But it was just all a big capitalist tourist trap. They had deliberately kitsch ‘markets’, selling exactly the items you’d expect: Bob Marley hats, South American ‘alpaca’ sweaters, Tibetan prayer flags… and so on.
I found it totally boring that they had just stolen everyone else’s symbols in an attempt to be ‘totally spiritual man’. 
I found it tacky that a commune that was supposed to be separating itself from the crap of society, was so clearly running on the cash of stupid rich tourists. 
Although I guess in saying that I’m assuming that part of their mission is to be ‘above capitalism’, but really, from our visit we have little evidence of that. As Andy mentioned later, it would have been nice to see a museum of some sort- read about their mission statement, hear about their founding fathers. See if there was more to the town than it’s shiny, ugly exterior.
The surrounding houses were nice, in the way they had let the trees grow over and everything ‘run down’ a bit, but the rest… I could just as easily leave it.

Which we did, partially because we had an ice-cream mission.

Our friend Joram had, very conveniently for us, been to Copenhagen just a few weeks before our visit, and being a man of fine taste, had marked out a few ‘must try’ places.

Sicilliansk Is.

Delicious icecream? Tick.
Nice little hipster Copenhagen boy behind the counter? Tick.

I went with my standard chocolate, plus the ‘butter milk’-ish flavour, which is apparently based on a Danish dessert, and a Sanddorn flavour, which I got because I had no idea exactly what Sanddorn was.

I’m still not exactly sure- but you should googleimage it just to check out the awesome berries these things make.

Next stop: Assistens Cemetery. The final resting place of Hans Christian Anderson (as if you didn’t know his name would pop up again sooner or later). Also of Neils Bohr, and a whole lot of other famous people who we didn’t know.

It was definitely a beautiful place- maybe not as ‘ethereal’ as the one we saw with Ashleigh, but still enough to think ‘hmm, I still would rather be charred and sprinkled, but I kinda get this whole in-the-ground-for-the-worms-to-eat thing’.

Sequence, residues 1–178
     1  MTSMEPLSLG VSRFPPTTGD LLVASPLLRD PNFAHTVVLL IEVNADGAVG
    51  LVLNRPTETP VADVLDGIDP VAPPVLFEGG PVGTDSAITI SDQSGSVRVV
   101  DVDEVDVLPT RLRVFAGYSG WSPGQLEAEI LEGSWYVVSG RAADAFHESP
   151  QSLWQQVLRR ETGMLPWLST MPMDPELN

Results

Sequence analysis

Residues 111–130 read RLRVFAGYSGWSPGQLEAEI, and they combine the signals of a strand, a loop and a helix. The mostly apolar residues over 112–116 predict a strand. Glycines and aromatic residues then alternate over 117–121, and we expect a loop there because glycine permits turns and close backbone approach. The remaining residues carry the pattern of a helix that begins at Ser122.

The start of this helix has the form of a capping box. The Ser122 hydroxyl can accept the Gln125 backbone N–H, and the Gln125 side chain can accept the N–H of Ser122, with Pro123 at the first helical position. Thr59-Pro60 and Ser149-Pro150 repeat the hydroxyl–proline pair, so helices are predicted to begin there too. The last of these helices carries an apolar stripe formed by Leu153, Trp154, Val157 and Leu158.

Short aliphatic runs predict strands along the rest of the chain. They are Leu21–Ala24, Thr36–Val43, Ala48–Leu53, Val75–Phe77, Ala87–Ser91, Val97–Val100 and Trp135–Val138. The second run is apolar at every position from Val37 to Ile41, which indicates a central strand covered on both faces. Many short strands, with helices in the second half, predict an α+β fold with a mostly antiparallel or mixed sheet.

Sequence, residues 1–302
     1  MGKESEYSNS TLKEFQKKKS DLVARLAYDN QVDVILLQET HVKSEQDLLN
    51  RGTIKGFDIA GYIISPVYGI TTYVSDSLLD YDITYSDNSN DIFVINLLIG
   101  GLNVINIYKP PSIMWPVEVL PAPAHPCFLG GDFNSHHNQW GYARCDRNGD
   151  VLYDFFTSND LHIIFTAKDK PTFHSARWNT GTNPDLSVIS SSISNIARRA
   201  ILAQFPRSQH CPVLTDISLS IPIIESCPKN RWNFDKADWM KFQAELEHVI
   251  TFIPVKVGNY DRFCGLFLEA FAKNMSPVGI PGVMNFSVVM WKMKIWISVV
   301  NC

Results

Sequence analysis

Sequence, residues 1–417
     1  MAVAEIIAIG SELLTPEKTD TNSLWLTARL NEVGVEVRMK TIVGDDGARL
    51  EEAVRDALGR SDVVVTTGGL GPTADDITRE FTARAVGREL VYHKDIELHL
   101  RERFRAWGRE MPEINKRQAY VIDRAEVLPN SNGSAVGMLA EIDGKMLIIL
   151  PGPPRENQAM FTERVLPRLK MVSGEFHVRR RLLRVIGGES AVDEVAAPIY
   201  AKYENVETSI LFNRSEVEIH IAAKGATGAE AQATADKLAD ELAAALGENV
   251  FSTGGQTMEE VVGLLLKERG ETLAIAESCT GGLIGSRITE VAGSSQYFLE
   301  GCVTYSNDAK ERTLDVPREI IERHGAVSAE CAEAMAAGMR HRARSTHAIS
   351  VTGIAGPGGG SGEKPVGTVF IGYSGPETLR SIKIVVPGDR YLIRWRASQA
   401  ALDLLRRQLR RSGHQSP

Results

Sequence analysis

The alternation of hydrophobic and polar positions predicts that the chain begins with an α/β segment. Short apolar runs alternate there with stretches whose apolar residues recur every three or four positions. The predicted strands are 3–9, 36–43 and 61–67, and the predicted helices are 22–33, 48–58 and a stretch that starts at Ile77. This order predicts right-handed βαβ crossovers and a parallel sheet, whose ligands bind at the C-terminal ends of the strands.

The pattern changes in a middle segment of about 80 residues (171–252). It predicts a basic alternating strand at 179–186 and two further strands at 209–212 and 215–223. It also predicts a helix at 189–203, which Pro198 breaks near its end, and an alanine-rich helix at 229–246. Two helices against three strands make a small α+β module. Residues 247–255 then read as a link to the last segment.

I seem to have stopped photographing at that point. We had a bit more of a walk around the studenty area of Copenhagen (Norrebro)- which turned out to have many op shops and many interesting looking stores. 
Of course, with the exception of one (which I ducked into and came out of with a hat), all of them were closed for the day by the time we arrived. So we’ll have to go back to Copenhagen for a shopping spree. Actually, Norrebro seemed to be a very interesting area- Joram described it as Kreuzberg-ish, and I regret that we didn’t get to spend more time there, and really do think that we’ll have to make another visit.

I had to catch the plane home that night, so we had an early dinner at a burger bar, possibly brining my burger total up to three in the four days I spent in Copenhagen. (I miss good burgers. Germans don’t understand the concept of proper burger bun bread, and their beef is terrible! Someone post me a Missy Moo Blue Cow?).

After our weekend, I’m seriously shocked that more young Aussies don’t go to Copenhagen as part of their traditional ‘eurotripping’. I know Rome, Paris, London etc are more classic, but Copenhagen has ample culture (although I barely got a chance to dip my toes in), beautiful parks to visit, and seems to have lovely urban jungle areas that are just good for the wild roaming. The prices are a bit steep compared to the rest of Europe, but seem ultimately pretty comparable to Perth as far as food and short-term accommodation go.

Seriously- check it out!